Htet Htet, Yangon, Myanmar “I believe that my work has an impact on my sources and their rights” At first, I was supposed to become an engineer, but my father wanted me to become a journalist, he pushed me towards that. He is very proud of me, when my news come in the paper, he… Continue reading Telling our own story to make women’s issues visible
Thazyne Yangon, Myanmar “In Myanmar, many women don’t have jobs, however, they can weave and have beautiful fabric so I like to work with them and give them an opportunity to have a stable source of income” My name is Thazyne. I am 35 years old. I am not married. I have been working at… Continue reading Empowered women empower women
Cho Yangon, Myanmar “I graduated in 2008, in September 2007 it was the Saffron revolution here, and it was a crazy time, so people got nervous, they thought, what if society is not stable? So they wanted to send their kids to study abroad” My name is Cho, I am 25 years old. I… Continue reading Yearning for equality in a society that still holds women back
It is estimated that the sex industry in Thailand is worth 6.4 billion US$ a year. According to the government, 200,000 people work as prostitutes, but numbers on prostitution are controversial as it is an underground industry. NGOs are talking about much higher figures: around 2.8 million people are thought to be involved in this… Continue reading Thailand’s sex industry: an open secret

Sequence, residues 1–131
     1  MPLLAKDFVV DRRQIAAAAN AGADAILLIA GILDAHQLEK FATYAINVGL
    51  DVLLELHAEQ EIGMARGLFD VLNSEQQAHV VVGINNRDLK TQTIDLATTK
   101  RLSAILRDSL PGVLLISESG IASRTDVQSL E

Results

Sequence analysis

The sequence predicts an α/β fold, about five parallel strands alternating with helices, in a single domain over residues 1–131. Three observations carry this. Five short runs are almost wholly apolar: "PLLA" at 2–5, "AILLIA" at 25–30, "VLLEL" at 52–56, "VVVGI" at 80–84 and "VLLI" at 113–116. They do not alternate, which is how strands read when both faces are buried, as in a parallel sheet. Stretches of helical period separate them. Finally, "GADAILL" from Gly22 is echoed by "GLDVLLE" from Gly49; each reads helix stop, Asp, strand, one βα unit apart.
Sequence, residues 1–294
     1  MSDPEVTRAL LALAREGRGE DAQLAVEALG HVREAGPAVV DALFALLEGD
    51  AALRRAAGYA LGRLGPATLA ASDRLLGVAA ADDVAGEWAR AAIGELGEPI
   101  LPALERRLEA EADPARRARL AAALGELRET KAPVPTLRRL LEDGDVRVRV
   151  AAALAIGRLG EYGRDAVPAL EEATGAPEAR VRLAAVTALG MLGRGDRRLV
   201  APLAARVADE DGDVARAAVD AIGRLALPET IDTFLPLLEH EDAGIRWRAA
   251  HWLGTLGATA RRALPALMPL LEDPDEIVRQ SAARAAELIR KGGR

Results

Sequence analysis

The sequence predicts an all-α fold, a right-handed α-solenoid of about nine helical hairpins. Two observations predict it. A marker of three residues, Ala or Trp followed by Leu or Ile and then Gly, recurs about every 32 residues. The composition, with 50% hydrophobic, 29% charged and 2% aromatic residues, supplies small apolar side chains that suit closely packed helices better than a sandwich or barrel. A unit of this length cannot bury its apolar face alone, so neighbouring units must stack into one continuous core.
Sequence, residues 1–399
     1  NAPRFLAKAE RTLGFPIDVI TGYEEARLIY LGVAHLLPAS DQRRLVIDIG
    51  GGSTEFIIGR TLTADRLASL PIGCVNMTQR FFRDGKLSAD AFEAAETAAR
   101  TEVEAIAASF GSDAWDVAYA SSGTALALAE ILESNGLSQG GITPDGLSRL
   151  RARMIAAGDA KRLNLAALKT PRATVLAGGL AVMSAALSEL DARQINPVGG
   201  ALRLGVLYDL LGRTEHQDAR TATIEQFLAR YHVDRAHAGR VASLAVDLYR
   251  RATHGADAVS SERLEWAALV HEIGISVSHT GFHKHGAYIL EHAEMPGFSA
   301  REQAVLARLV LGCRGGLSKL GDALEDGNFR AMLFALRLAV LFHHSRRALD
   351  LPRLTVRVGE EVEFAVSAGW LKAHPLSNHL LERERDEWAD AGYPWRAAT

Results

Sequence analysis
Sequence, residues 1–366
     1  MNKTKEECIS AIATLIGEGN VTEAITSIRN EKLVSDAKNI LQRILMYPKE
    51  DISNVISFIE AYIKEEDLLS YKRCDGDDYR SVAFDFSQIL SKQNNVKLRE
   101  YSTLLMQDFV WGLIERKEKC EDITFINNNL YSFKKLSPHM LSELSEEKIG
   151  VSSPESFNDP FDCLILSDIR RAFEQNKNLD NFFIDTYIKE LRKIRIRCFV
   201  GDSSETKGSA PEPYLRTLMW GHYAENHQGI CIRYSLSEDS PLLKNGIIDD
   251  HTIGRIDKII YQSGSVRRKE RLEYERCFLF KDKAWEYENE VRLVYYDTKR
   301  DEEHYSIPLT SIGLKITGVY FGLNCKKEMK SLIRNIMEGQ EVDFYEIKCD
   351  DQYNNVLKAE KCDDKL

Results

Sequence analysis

Thailand: Land of numerous ethnic groups Thailand is an ethnically mixed country: while 75% of the population is of Thai ethnicity, the rest is divided between ethnic Chinese, Malay speaking Muslims, Khmers, Soal or Kui, Karen, Indians and Pakistanis. There are also around 1 million people belonging to hill tribes and living mostly in the… Continue reading Thailand’s ethnic minorities: The Lahu tribe, a lesson of gender equal society
Kate T. Mae Sot, Thailand “I am kind of a free spirited person” My name is Kate, I am 43 years old. I am from Bangkok and I came to Mae Sot, at the Thai-Burmese border for work. I work for Handicap International as Child Development Advisor. I have been working for this organization… Continue reading Women don’t have to be strong. They are strong.
A rapid descent into dictatorship Since the 2014 military coup, Thailand has not ceased to carry on an oppressive and repressive regime and has quickly descended into a dictatorship. Three years after the coup, the all-men junta still arrests and prosecutes critics of the government, bans political activity, censors the media, stifles freedom of speech,… Continue reading The ripples of the military coup on women in Thailand
Anonymous Mae Sot, Thailand “I think I can inspire other women to become independent” I am originally from Northern Thailand, I have lived in Bangkok, in Chiang Mai, later I moved to work in the deep south of Thailand and then I moved to Mae Sot for work 7 months ago. I don’t have children and… Continue reading When raising your voice can cost you your freedom
Thailand is a country that seems rather accepting of diverse gender identities. Indeed, Thailand’s Ministry of Tourism even uses this image to promote tourism in Thailand as a paradise for the LGBTIQ+ community. Indeed this community seems to have much more visibility in Thailand, as shown by the election in 2012 of Yollada “Nok” Suanyot,… Continue reading Thailand: the LGBTIQ+ paradise?
Prem Bangkok, Thailand “I always smile, but when it comes to work, when it comes to social issues, I know how to fight. I have to fight because I want to see changes happening in my society” My name is Prem, I am 38. I was born in Bangkok and I still live here, my… Continue reading Advocating for gender recognition for the Trans community